Theoretical Spotlight: Herzberg’s Two-Factor Theory of Motivation

Posted December 18, 2018

The theoretical framework section of the dissertation can be an area of struggle for many students. As such, in this blog series, we highlight the most popular theories we come across in our work with dissertation students. Just be aware that these are merely theory overviews and are in no way all encompassing. These overviews are designed to give you some familiarity with major theories.

Theory: Herzberg’s (1964) two-factor theory of motivation

Herzberg’s two-factor theory of motivation—also referred to as motivation-hygiene theory—contends that job satisfaction is contingent upon a variety of factors that give meaning to the nature of one’s work. Herzberg asserted that while job satisfaction was the presence of these factors, job dissatisfaction was not the absence of these factors; rather, dissatisfaction was linked to negative assessments of the job-contingent factors.

According to Herzberg, the two-factor theory consists of motivators and hygiene factors. Motivators consist of meaningful, challenging work, talent recognition, increased responsibility, employee input in the decision-making process, feelings of importance, achievement, and growth. Meanwhile, hygiene factors consist of job security, pay and benefits, and workplace conditions. While hygiene factors on their own do not result in higher levels of satisfaction or motivation, they do lead to job dissatisfaction when they are not present. Herzberg posited that the combination of these two factors lead to increased job satisfaction and motivation within the workplace; when either factor is in jeopardy, then employees’ dissatisfaction grows, and motivation dwindles. Herzberg theorized that in order to effectively eliminate dissatisfaction, organizational leaders should ensure that the hygiene factors are met.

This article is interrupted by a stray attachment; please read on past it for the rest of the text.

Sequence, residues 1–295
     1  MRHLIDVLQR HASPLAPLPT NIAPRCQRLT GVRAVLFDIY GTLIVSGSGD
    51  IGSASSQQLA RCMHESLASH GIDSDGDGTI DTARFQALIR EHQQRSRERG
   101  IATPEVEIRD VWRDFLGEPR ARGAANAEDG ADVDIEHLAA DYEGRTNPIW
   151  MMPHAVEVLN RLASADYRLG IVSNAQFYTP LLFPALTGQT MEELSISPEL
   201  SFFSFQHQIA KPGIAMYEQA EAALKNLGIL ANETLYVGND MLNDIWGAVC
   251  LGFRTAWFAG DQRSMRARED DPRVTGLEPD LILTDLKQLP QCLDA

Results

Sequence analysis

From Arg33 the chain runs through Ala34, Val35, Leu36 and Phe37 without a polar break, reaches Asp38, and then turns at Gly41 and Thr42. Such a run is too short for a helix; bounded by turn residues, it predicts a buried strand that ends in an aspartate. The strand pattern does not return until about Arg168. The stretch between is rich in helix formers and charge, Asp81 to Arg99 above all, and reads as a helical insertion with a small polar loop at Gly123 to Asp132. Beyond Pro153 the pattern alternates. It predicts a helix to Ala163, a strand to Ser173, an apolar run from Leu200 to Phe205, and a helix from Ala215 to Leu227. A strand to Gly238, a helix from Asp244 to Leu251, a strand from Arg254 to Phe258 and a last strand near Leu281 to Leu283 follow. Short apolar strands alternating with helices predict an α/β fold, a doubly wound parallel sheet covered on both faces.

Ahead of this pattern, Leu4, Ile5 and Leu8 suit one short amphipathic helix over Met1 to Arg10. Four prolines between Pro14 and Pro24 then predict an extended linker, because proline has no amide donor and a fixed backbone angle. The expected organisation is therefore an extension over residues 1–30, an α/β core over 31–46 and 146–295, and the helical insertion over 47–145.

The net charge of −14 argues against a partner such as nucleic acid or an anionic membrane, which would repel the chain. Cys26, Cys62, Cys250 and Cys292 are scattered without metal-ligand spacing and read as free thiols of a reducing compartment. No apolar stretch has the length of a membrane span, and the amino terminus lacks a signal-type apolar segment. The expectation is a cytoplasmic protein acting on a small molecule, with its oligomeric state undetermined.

This theory is best suited for studies on:

  • Job satisfaction
  • Job retention
  • Management

Further reading:

Herzberg, F. (1964). The motivation-hygiene concept and problems of manpower. Personnel Administrator, 27(1): 3–7.

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